Chinese Foreign Ministry spokeswoman Mao Ning said during her daily statement that “we must stop raising this theory of a laboratory leak.”
Beijing strongly objected, Monday, to a hypothesis put forward by the US Department of Energy, according to which Covid-19 was leaked following an accidental accident in a Chinese laboratory, and considered that these new accusations “tarnish” its image.
“We must stop waving this theory of a leakage from a laboratory, stop defaming China, and stop politicizing research related to the origin of the virus,” said Mao Ning, a spokeswoman for the Chinese Foreign Ministry, during her daily statement.
The statement came in response to a change in the position of the US Department of Energy, which said it views “with a low level of confidence” the hypothesis of a virus leakage from a laboratory in China, on the basis of a new intelligence report revealed Sunday by the Wall Street Journal and The New York Times.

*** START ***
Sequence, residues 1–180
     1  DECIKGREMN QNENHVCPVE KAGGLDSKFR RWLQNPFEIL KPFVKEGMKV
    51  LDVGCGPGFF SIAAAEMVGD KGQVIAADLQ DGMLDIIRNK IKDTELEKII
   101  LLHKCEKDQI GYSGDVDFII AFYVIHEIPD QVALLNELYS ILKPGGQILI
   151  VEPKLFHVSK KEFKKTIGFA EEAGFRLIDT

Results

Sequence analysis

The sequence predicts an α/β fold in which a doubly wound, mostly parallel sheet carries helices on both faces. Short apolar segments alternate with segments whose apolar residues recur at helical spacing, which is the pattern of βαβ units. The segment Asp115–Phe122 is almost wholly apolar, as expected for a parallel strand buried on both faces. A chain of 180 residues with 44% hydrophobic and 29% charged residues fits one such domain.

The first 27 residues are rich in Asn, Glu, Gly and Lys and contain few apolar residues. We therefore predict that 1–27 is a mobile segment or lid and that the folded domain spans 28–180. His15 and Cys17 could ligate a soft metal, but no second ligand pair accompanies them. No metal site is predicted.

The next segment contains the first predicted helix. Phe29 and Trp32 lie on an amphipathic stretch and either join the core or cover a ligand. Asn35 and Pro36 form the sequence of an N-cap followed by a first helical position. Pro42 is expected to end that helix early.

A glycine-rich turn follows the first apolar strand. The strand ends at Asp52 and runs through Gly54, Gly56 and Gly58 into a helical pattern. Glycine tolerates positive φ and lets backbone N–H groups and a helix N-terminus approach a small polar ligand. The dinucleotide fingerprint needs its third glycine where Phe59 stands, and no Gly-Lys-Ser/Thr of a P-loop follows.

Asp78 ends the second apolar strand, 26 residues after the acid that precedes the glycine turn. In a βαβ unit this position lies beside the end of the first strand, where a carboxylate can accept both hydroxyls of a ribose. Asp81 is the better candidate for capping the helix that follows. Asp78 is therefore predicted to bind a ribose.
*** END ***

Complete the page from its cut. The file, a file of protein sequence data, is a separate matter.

“Experts from China and the World Health Organization, based on field visits to laboratories in Wuhan and in-depth conversations with researchers, have come to the authoritative conclusion that the option of leakage from the laboratory is highly unlikely,” Ning said.
Three years after the onset of the pandemic, the origin of the virus is still unknown after it has killed nearly 7 million people worldwide and debilitated the global economy.
In February 2021, experts from the World Health Organization and Chinese scientists concluded that it was “highly unlikely” that the virus had leaked after an accident at the Chinese Institute of Virology in Wuhan and preferred the hypothesis of the natural origin of the virus and its transmission to humans via an “intermediate” animal. .
But the hypothesis of laboratory tampering and accidental leakage has re-emerged, especially in the United States, where the Wall Street Journal said the FBI is leaning towards it.
In a sign that the debate is not over in the United States, four US intelligence agencies support the natural origin hypothesis of Covid, while two remain undecided, according to the Wall Street Journal.
“Right now, there is no definitive answer from the intelligence agencies on this issue,” White House national security adviser Jake Sullivan said Sunday on CNN.